When they first begin, many of our embroidery customers already know what embroidered items sell most. Or at least, they think they know. Twelve months down the line what they actually sell most might be completely different. Trends change and you might find that some products sell well in summer, and other sell well in winter.
As a rule of thumb you can break embroidered items down into two categories. Designs & Logos and Personalisation.
So lets look at what you might embroider.
Workwear – Polo Shirts, Fleece Jackets, Tabbards, Aprons, Hi-Viz Jackets & Vests etc.
Babywear – Baby Grows, Blankets, Hats, Bibs, Leggings, Dungarees etc.
Hotels and B&B’s – Towels, Bathrobes, Napkins, Pillowcases etc.
Horse Kit, Saddlepads, Numbners, Horse Blankets, Polo Shirts, Fleece Jackets, Towels etc.
Designs and logos are usually what you might embroider onto Polo Shirts and Fleece Jackets etc. Frank the plumber might want you to embroider his design or logo onto twenty polo shirts. And you should try to avoid embroidering other peoples garments. So rather than embroider Franks twenty polo shirts. Sell him twenty polo shirts that you have embroidered. You will make more money and, just as importantly, you will have sourced and tested all the garments that embroider well.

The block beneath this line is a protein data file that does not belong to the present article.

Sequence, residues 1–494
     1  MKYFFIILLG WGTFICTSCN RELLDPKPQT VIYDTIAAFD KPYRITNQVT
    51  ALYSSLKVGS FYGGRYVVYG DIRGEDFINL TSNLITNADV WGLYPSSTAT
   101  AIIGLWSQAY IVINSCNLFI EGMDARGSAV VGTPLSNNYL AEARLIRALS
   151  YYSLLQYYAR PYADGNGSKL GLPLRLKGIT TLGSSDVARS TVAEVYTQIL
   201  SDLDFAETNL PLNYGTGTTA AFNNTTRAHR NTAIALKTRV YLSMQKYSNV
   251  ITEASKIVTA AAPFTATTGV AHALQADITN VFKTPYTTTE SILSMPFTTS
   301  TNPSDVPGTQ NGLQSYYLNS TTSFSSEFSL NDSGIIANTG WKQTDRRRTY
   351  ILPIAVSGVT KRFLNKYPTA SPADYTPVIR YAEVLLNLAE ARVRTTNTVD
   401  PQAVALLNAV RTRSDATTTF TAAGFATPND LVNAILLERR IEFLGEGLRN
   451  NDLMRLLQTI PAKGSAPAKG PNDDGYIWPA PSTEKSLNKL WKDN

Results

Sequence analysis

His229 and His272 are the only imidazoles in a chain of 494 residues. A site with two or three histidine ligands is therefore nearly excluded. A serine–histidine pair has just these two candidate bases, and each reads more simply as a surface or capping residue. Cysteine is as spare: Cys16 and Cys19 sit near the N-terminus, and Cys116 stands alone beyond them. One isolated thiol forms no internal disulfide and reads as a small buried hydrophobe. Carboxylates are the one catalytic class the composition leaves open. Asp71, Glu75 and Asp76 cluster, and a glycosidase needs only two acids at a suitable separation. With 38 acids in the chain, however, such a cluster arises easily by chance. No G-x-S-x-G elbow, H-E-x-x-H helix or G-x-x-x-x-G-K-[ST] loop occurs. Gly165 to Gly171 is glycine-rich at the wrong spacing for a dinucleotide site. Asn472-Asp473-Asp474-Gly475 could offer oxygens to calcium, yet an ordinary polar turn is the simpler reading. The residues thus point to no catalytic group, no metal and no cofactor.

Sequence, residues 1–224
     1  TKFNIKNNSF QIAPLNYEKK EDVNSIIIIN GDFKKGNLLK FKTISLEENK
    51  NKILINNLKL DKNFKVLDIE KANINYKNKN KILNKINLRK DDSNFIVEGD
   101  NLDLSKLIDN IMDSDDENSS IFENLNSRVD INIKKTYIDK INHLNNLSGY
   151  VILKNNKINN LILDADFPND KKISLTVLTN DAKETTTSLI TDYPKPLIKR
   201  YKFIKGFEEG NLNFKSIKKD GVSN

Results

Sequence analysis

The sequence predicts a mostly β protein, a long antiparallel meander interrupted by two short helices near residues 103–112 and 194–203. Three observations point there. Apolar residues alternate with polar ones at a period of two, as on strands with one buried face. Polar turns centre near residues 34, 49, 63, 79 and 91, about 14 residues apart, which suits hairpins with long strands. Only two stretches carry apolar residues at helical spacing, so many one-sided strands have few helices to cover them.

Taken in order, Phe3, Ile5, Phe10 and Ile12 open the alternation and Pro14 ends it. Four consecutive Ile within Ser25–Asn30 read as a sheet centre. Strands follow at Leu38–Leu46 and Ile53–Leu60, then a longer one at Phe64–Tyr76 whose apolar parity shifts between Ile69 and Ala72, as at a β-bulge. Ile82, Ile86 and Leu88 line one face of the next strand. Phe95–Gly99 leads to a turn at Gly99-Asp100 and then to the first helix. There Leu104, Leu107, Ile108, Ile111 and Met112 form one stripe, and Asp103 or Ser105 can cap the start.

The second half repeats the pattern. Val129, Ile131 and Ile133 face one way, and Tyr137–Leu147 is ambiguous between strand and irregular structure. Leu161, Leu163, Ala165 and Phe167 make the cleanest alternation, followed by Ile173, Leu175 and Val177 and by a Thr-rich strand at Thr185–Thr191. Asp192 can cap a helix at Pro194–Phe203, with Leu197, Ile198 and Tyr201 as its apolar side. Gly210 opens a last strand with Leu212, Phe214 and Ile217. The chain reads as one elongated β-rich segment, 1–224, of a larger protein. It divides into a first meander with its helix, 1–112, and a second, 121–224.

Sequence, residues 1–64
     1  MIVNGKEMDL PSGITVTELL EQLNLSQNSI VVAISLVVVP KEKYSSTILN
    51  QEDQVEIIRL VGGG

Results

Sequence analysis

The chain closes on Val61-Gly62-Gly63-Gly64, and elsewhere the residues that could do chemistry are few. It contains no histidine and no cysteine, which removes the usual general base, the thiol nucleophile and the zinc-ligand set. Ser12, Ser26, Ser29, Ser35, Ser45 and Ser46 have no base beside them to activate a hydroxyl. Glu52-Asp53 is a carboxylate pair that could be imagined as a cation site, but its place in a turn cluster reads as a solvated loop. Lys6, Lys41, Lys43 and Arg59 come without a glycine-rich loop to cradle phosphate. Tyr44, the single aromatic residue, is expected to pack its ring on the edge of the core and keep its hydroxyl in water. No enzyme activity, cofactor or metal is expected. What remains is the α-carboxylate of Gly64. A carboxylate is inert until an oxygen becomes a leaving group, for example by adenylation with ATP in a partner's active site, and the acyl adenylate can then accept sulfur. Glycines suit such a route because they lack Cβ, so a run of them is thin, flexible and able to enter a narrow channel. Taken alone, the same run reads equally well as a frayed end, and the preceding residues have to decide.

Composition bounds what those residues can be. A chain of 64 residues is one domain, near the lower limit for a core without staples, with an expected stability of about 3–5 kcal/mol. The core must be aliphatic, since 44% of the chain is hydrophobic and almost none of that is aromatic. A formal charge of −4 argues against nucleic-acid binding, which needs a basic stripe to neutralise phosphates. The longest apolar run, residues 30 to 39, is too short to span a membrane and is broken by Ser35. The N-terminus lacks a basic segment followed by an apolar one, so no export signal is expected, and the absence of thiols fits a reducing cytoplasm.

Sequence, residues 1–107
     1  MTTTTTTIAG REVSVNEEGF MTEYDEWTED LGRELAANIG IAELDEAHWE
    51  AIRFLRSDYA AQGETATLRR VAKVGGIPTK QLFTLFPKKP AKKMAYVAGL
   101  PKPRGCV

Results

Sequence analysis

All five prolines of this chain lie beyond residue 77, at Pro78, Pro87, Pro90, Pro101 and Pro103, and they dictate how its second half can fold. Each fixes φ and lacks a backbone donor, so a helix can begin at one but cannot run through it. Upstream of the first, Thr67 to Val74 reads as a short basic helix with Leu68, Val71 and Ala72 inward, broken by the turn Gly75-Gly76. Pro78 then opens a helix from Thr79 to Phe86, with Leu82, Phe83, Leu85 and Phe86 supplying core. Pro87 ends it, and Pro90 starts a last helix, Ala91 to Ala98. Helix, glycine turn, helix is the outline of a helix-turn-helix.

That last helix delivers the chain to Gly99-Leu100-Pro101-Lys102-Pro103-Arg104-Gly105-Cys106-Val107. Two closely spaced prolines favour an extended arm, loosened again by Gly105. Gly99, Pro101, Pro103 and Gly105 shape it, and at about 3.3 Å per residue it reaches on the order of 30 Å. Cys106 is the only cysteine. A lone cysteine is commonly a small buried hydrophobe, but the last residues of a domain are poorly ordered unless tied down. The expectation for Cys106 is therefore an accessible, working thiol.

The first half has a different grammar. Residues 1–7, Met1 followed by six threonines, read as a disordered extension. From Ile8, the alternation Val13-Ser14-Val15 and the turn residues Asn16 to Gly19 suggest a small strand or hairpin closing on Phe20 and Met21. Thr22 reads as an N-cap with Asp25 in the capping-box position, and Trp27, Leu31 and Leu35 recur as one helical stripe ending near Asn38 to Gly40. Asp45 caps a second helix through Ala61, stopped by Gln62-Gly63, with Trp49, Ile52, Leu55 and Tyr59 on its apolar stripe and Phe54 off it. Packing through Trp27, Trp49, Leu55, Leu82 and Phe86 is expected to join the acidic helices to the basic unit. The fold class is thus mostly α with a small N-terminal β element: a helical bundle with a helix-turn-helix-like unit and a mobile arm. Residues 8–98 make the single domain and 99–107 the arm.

Logos taken from a website will first have to be digitised, or converted into embroidery, before you can upload them to your embroidery machine and sew them out. In most cases it is far more cost effective to use a digitizing agency, rather than buy expensive software and try and do it yourself.
When it comes to personalisation, you will usually be embroidering names onto clothing. And perhaps the biggest sector for personalisation is still babywear. Parents and family members will buy almost anything that has the baby’s name embroidered on it. And embroidering names rather than complex logos usually involves a quick turnaround. A logo/design may take twenty minutes to embroidery. A name may only take a few minutes.